DIVERSITY AND CHARACTERISTICS OF POTATO FLAKES IN NAIROBI AND NAKURU, KENYA

7/2/2013
Great Rift Valley Lodge, Naivasha, Kenya

DIVERSITY AND CHARACTERISTICS OF POTATO FLAKES IN NAIROBI AND NAKURU, KENYA

 George O. Abong’1§and Jackson N. Kabira2

 1Department of Food Science, Nutrition and Technology, University of Nairobi, P.O. Box 29053-00625, Nairobi (Kangemi), Kenya; 2National Potato Research Centre (KARI), Tigoni, P.O. Box 338, Limuru. Nairobi, Kenya.

 ABSTRACT

Potato flakes are some of the most important form of dehydrated potato products that can be used in different ways including substitution for fresh mashed potatoes. Unlike French fries and crisps whose consumption patterns and diversity is well established, little or no information can be obtained on flakes in Kenya. This study was, therefore designed to assess the diversity and characteristics of potato flakes in Nairobi and Nakuru, Kenya. Potato flakes diversity and characteristics were determined through a structured questionnaire administered to attendants in 148 retail outlets (supermarkets and shops) followed by sampling and laboratory analysis of the available brands. Of all supermarkets surveyed, only 3.4% stocked potato flakes. There were only 2 brands of flakes, one imported and another, local brand. The sales were reportedly low due to the high cost (55%) of the products, lack of public awareness of the product (35%) and inadequate supply (15%). The oil and moisture contents of potato flakes from supermarkets in Nairobi and Nakuru significantly (P<0.05) differed between the brands being generally lower in the imported brand compared to local brand, ranging from 0.13% to 0.32%. There were no significant (P>0.05) differences in levels of sodium chloride with the maximum recorded being 2.11% in imported flakes. The moisture content ranged from 8.52% to 10.51% in local and imported flakes brands, respectively. The sale of potato flakes can, however, be increased if the processors produced smaller unit weight packages that are more affordable and create awareness to the general public consumer.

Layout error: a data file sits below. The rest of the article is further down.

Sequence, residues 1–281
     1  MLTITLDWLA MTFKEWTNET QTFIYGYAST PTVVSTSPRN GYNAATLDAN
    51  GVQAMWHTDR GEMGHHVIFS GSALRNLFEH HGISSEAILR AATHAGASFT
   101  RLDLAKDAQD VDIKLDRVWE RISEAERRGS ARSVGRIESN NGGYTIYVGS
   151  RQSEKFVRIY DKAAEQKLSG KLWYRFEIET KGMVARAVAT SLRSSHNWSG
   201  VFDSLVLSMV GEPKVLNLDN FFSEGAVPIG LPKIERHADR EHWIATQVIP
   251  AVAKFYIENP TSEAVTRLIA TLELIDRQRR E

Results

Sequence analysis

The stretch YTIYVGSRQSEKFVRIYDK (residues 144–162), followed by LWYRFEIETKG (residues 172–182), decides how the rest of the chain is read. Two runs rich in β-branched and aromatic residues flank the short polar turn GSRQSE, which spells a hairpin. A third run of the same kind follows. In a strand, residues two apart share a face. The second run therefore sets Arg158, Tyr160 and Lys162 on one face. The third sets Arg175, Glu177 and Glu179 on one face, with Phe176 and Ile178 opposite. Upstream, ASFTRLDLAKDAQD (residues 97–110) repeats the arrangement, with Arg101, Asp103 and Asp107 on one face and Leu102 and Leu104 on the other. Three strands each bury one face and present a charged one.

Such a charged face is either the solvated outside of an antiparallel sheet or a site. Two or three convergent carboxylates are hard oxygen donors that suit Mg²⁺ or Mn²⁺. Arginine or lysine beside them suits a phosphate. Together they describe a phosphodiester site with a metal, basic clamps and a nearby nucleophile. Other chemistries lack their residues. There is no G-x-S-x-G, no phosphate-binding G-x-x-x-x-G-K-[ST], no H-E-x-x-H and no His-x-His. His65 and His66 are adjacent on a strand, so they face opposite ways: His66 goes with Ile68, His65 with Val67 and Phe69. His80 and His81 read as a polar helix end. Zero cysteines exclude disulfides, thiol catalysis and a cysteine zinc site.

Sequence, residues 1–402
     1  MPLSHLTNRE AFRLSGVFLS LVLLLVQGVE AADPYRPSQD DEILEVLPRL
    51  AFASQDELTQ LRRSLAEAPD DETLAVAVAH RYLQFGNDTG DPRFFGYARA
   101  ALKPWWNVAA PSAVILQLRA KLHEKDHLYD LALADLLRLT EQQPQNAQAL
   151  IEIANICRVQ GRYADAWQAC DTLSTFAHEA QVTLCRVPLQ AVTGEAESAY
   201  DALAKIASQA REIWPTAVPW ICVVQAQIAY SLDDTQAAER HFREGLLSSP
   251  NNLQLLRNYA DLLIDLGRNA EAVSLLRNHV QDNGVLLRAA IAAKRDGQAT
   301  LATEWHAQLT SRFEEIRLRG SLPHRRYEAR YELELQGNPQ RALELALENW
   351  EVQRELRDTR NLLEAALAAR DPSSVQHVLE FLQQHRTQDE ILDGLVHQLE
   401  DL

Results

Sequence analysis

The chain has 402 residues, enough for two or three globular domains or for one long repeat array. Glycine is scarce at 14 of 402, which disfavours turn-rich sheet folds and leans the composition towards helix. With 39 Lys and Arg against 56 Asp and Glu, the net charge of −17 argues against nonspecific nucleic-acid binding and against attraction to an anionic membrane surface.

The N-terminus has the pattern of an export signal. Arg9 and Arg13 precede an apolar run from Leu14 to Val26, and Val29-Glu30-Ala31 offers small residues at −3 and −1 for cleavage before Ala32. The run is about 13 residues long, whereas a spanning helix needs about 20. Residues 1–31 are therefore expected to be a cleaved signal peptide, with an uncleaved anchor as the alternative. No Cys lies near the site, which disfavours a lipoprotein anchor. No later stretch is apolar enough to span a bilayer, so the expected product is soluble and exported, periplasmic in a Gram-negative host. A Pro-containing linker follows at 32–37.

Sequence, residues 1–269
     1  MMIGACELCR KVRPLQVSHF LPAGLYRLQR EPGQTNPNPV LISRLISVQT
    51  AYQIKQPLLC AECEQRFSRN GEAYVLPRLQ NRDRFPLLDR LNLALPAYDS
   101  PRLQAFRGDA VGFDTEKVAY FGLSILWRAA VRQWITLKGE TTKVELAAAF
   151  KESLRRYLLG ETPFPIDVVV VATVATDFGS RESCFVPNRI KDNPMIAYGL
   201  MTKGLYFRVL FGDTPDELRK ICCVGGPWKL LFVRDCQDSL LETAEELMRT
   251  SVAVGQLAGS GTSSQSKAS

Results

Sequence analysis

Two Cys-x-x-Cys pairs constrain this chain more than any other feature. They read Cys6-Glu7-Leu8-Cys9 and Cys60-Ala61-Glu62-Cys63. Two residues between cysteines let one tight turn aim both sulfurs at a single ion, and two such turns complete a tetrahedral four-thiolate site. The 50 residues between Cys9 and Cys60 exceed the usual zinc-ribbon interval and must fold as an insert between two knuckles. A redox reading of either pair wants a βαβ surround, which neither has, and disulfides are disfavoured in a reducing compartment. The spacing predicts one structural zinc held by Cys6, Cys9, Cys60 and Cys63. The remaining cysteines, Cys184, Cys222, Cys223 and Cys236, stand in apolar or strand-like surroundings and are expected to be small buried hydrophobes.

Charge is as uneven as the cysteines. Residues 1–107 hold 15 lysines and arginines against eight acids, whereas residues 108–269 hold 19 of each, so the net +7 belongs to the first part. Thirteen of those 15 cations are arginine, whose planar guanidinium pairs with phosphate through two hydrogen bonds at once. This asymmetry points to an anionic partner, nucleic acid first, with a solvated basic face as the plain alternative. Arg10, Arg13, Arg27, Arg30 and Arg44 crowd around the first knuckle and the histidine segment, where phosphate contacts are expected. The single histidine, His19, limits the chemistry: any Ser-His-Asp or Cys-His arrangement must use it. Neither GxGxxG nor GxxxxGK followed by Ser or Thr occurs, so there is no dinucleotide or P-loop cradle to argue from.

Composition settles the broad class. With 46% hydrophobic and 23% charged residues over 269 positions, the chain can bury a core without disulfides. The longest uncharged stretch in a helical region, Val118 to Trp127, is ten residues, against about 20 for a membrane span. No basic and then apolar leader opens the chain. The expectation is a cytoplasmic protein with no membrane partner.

Key words: Flakes, lightness, mash potatoes, dehydration

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